Egyptian polls open amid accusation of election fraud

Middle East
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red ink egypt
(Photo: David Degner)

Today red index fingers paint Egypt. They are symbolic marks for the post-Mubarak era changes, however as the indelible ink that stains voters’ skin at the polls wears off after 24 hours, so will the guises the elections as “fair.”

After ten days of demonstrations in Tahrir Square and major cities across Egypt, which killed 41 people and wounded thousands, the Egyptian government opened polls for the first day of three tiers of elections that will take place through March 2012. This last wave of mass dissidence in Egyptian cities also included a ninth bombing of a gas pipeline with Israel (the second bombing in the last two weeks). Some Egyptian groups are boycotting the elections, including the Democratic Coalition, who called the three-tiered process with reserved seats for independents in a third of the parliament as “independents and candidates from the old regime.”

The elections process is complicated. There are over 10,000 candidates from 50 political parties. The country is divided into three voting districts, with different polling dates, and voting takes place over a two-day period, with no international election monitors. Under Mubarak, international observers were deemed unconstitutional, and in 2007 a system of staining voter’s index fingers with a red indelible ink was implemented. The red is used in other countries, Iraq and India, and it’s use is to stop election fraud by ensuring voters only vote once. However, the ink wears away after 24 hours, and with two days of elections the major source of accountability is mute. The red ink is not only a symbol of change, but a symbol of no change; as it blends itself out of existence, so does the guise of fair elections, with social trust from the people, and political accountability from the parties.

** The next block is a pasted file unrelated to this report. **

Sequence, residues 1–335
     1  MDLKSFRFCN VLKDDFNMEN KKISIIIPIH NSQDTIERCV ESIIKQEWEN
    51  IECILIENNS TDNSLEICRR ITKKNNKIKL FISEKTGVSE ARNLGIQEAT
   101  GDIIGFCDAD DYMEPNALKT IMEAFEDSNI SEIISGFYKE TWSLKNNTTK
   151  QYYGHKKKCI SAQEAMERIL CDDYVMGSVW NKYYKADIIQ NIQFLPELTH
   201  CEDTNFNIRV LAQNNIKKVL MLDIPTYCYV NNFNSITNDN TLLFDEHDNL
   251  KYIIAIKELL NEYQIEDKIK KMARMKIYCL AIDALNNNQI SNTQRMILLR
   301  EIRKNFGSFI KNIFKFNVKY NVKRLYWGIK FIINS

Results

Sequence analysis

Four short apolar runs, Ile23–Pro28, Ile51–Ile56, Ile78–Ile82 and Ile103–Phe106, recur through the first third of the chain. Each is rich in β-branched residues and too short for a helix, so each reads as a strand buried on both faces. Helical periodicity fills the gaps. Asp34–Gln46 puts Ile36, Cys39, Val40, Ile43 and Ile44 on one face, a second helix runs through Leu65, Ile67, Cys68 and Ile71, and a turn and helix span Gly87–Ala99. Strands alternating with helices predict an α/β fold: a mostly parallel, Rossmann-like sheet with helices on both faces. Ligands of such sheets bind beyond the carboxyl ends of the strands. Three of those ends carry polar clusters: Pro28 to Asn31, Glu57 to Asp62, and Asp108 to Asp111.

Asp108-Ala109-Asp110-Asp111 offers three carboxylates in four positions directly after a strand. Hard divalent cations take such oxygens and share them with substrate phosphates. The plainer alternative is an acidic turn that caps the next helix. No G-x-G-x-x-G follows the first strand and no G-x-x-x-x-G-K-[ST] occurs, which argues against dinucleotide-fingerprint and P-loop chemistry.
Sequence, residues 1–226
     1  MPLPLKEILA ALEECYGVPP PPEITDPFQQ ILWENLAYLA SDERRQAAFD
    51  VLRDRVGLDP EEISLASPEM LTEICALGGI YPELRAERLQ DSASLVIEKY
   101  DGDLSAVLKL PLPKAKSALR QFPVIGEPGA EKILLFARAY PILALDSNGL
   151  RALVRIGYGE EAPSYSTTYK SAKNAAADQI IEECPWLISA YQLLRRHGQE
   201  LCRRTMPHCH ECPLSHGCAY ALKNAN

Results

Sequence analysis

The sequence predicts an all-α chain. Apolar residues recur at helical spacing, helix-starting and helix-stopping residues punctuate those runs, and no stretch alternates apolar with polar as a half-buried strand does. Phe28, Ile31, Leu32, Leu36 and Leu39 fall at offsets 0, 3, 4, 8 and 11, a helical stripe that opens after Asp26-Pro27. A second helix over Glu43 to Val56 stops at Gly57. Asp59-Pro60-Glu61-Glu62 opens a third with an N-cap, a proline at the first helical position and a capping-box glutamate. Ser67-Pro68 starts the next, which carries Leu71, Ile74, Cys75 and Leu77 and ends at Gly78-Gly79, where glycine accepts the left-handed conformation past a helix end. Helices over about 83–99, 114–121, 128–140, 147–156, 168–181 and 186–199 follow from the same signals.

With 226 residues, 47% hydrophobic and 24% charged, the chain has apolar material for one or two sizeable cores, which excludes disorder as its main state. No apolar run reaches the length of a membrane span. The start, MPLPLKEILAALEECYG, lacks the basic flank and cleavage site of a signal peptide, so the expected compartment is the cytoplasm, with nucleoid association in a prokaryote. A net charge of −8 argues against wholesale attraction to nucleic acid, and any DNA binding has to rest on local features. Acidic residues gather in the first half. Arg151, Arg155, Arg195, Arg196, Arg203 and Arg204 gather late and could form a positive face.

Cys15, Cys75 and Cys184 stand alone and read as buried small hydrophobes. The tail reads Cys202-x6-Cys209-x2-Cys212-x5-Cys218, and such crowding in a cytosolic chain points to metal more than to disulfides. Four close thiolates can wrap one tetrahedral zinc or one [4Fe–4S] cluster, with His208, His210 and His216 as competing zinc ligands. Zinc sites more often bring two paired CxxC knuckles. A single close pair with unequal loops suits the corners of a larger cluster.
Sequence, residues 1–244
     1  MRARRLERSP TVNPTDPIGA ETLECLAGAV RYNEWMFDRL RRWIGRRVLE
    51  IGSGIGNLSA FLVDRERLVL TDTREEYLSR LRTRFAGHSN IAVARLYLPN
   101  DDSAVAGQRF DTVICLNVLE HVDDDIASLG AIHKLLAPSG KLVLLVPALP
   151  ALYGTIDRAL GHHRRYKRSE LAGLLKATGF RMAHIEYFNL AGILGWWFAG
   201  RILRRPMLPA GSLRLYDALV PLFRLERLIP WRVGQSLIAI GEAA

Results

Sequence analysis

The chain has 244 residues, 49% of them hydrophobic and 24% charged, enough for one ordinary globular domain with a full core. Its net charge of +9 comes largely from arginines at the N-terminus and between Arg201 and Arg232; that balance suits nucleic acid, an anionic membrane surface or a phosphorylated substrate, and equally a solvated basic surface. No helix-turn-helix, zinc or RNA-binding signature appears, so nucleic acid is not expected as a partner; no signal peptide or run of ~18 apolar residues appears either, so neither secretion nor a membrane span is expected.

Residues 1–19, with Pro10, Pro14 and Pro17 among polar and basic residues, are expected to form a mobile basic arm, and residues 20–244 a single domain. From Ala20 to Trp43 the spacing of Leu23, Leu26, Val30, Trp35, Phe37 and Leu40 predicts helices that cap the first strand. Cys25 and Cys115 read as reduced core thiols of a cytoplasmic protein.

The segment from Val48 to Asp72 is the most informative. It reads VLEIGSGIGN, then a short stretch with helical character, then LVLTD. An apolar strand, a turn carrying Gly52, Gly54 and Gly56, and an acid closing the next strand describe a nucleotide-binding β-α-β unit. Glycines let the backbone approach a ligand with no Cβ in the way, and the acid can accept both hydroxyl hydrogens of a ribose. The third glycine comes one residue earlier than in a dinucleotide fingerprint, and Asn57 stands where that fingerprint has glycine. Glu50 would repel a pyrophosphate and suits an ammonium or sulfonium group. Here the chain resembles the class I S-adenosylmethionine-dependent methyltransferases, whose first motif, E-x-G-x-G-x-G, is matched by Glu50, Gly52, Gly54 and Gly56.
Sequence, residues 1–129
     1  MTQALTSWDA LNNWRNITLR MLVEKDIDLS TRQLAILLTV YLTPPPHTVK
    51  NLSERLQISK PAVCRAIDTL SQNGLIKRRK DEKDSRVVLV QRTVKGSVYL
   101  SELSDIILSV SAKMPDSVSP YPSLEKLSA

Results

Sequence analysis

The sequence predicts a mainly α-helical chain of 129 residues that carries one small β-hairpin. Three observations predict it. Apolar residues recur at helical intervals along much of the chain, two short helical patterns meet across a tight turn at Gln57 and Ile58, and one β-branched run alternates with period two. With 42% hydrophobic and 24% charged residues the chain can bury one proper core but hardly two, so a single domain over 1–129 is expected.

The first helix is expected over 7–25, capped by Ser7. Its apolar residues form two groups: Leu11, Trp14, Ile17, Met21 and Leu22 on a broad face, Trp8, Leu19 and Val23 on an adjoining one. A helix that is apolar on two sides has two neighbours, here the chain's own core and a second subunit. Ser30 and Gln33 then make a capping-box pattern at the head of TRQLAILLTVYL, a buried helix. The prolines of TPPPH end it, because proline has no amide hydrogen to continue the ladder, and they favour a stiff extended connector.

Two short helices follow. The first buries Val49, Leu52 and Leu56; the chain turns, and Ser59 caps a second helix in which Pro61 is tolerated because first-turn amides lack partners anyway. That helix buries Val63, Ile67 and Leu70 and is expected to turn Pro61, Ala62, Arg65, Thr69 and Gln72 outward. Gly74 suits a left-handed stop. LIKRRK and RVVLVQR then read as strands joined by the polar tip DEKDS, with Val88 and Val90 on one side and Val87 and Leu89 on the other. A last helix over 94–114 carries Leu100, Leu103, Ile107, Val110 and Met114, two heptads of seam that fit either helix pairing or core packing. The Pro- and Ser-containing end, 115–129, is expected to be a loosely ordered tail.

In July, international observers were scheduled to bring delegations to monitor the elections, however the SCAF military government canceled the observers, and transferred the monitoring process to the SCAF controlled judiciary. Earlier this month, there was a brief possibility of a delegation from Occupy Wall St., where $29,000 was allocated to monitor elections, however the funds were rescinded following an open letter from Egyptian activist citing “confusion” over the move to monitor elections, and the rumors of U.S. government involvement in using the Occupy Wall St. movement to legitimize the elections of a “puppet parliament”.

The Muslim Brotherhood (Ikwan) and the Wafd Party also allege that widespread voter fraud took place in the first day of polling, where in previous elections the Muslim Brotherhood won 20% of the vote, this time, they have yet to win one seat. Abdel Galil el-Sharnoub from the Muslim Brotherhood said “the elections revealed the real intention of the regime – to unilaterally take over the Egyptian political arena.” The elections reveal that SCAF similar to Mubarak not only in brutal crackdowns, but in politics.

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